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FAYETTEVILLE -- The appeal of former state Sen. Jon Woods of Springdale and co-defendant Randell Shelton Jr. on public corruption charges is set for arguments before the U.S. 8th Circuit Court of Appeals on Jan. 16, court records showed Friday.

The National Association of Criminal Defense Lawyers intervened in the case on Shelton's behalf, citing the "outrageous" conduct by an FBI investigator.

"If this case does not define the outer boundaries of what constitutes outrageous or intolerable government conduct, then there is no case which may do so," the association's July 3 brief states.

The nonprofit group advocates for the rights of the accused.

Woods' and Shelton's convictions involve kickbacks from state grants to Ecclesia College in Springdale. Shelton, of Kemp, Texas, was convicted of 12 fraud-related counts in the same trial as Woods, of Springdale. Woods also was convicted of one count of money laundering and two additional counts of fraud. The two were convicted by a jury in U.S. District Court in Fayetteville on May 3, 2018.

Woods and co-conspirator Micah Neal of Springdale, who was a state representative before pleading guilty in 2017, steered state grant money to Ecclesia College in 2013 and 2014. The college's president at the time, Oren Paris III of Springdale, pleaded guilty in the scheme to one conspiracy count for paying kickbacks on the grants. Paris paid the kickbacks by hiring Shelton as a consultant. Shelton passed a portion of those consulting fees along to Woods and Neal.

Neal, who cooperated with authorities early in the investigation, served a year of home detention for one count of conspiracy. Paris reserved his right to appeal on the basis of FBI misconduct. His appeal is also pending before the 8th Circuit but is separate from Woods' and Shelton's. Woods is serving an 18-year federal prison sentence. Shelton is serving a six-year sentence. Paris is serving three years.

Before Woods' and Shelton's trial, FBI Special Agent Robert Cessario of Bentonville was ordered Nov. 30, 2017, to turn in a laptop computer he used in the case to a forensic examiner in Little Rock. The order came after defense attorneys discovered the agent didn't pass along all the electronic files requested by the defense. Specifically, Cessario didn't forward all the audio files Neal recorded in secret.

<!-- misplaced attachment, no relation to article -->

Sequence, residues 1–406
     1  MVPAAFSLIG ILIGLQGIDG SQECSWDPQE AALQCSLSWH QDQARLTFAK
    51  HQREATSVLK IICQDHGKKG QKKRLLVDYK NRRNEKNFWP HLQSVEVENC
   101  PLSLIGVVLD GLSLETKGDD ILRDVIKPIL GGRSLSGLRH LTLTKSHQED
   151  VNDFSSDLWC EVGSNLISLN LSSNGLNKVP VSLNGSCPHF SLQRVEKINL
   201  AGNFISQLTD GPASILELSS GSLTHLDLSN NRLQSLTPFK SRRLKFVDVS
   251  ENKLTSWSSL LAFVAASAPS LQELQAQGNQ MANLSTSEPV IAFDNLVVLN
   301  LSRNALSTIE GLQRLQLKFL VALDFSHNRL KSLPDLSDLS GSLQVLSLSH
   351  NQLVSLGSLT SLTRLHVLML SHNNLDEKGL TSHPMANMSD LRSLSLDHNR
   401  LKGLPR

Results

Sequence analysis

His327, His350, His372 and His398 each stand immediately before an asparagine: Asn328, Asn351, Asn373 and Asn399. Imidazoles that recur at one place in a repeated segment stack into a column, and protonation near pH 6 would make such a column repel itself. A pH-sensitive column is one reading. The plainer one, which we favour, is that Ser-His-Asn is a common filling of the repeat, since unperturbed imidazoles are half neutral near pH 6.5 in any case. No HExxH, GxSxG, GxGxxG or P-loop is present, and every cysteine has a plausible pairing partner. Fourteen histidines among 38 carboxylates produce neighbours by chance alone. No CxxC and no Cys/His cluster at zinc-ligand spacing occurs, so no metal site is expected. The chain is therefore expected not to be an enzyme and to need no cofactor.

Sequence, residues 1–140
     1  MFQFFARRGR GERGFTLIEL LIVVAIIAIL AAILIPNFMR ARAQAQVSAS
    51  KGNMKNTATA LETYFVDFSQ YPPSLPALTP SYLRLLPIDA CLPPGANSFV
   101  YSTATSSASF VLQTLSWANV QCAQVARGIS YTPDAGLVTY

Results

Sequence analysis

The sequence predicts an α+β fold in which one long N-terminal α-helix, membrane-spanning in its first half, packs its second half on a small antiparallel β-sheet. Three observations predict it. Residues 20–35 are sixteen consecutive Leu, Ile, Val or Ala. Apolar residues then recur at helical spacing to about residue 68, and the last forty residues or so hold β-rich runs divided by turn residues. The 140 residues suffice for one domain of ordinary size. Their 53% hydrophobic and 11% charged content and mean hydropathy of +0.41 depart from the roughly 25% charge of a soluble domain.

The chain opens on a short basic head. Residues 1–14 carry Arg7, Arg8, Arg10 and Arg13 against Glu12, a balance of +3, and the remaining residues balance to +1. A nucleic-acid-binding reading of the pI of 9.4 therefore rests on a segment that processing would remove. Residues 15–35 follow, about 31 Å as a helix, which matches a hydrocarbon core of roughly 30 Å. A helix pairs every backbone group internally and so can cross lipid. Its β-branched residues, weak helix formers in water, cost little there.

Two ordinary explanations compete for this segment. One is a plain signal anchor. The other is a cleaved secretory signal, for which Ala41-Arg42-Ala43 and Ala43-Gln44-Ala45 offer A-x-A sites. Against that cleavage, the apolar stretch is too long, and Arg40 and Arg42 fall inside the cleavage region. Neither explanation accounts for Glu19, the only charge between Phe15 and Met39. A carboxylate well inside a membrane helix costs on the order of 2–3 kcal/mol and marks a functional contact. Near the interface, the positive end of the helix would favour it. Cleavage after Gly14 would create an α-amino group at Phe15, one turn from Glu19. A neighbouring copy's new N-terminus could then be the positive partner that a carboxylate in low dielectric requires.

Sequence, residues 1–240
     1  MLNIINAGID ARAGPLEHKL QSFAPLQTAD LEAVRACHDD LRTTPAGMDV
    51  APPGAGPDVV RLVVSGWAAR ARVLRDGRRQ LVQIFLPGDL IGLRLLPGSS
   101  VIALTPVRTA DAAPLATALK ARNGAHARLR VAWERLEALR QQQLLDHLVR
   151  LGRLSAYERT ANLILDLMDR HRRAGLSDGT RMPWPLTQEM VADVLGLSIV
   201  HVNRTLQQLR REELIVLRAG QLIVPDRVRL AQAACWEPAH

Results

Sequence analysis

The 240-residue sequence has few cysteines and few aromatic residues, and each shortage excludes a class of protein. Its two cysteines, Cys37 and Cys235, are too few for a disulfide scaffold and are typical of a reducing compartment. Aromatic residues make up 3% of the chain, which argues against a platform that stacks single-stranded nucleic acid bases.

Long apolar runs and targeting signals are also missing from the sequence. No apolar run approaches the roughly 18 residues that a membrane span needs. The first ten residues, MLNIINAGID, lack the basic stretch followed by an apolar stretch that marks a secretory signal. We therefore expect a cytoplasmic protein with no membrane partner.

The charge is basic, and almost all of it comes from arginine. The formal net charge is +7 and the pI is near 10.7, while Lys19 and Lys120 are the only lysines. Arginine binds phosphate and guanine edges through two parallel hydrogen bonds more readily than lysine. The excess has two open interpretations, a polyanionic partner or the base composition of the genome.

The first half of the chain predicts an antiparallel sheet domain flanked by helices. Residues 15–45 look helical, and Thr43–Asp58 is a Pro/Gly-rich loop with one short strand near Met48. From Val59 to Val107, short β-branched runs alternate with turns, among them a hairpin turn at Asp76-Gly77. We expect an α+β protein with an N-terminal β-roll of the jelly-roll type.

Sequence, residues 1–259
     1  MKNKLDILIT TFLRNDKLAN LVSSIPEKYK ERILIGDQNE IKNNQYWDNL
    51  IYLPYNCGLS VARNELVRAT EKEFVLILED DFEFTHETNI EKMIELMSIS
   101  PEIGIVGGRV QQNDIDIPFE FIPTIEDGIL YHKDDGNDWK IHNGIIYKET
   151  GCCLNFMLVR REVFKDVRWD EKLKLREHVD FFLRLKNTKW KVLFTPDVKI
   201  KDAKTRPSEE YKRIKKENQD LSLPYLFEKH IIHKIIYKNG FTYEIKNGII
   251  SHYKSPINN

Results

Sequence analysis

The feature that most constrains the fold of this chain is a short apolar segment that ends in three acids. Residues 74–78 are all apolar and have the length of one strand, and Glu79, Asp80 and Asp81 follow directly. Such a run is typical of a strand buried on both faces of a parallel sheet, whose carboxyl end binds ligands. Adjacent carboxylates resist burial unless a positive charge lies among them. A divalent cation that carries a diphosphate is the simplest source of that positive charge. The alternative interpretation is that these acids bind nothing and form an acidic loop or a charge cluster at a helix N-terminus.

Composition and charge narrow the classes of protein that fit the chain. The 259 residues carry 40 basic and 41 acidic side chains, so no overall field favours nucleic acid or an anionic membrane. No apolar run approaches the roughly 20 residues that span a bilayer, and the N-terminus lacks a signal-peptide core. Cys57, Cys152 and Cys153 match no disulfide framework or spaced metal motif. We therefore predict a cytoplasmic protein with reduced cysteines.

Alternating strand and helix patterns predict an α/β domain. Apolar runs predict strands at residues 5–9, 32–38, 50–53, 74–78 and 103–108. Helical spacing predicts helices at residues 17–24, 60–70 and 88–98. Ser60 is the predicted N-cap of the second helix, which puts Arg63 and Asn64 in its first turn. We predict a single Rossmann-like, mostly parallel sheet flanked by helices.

Cessario took the laptop to a computer shop in Bentonville and had its hard drive erased, according to court testimony by a technician at the computer shop and Cessario. Then Cessario wiped the hard drive again himself before turning the device over Dec. 7, 2017, he said in court testimony.

The appeal also disputes jury instruction decisions and other rulings by the trial judge, U.S. District Judge Timothy Brooks. The appeal asks for dismissal of the indictments. If not that, then a new trial should be ordered in which Cessario's conduct is allowed to be presented to the jury. Brooks ruled in the trial that the government couldn't call Cessario as a witness and neither could the defense.

Appeals court judges Jane Kelly, Michael J. Melloy and Jonathan A. Kobes will hear the case in St. Louis, the filing says.

Photo by Andy Shupe
Jon Woods
Photo by Andy Shupe
Randell G. Shelton Jr.

State Desk on 12/14/2019

Print Headline: Jan. 16 appeals court date set in corruption case

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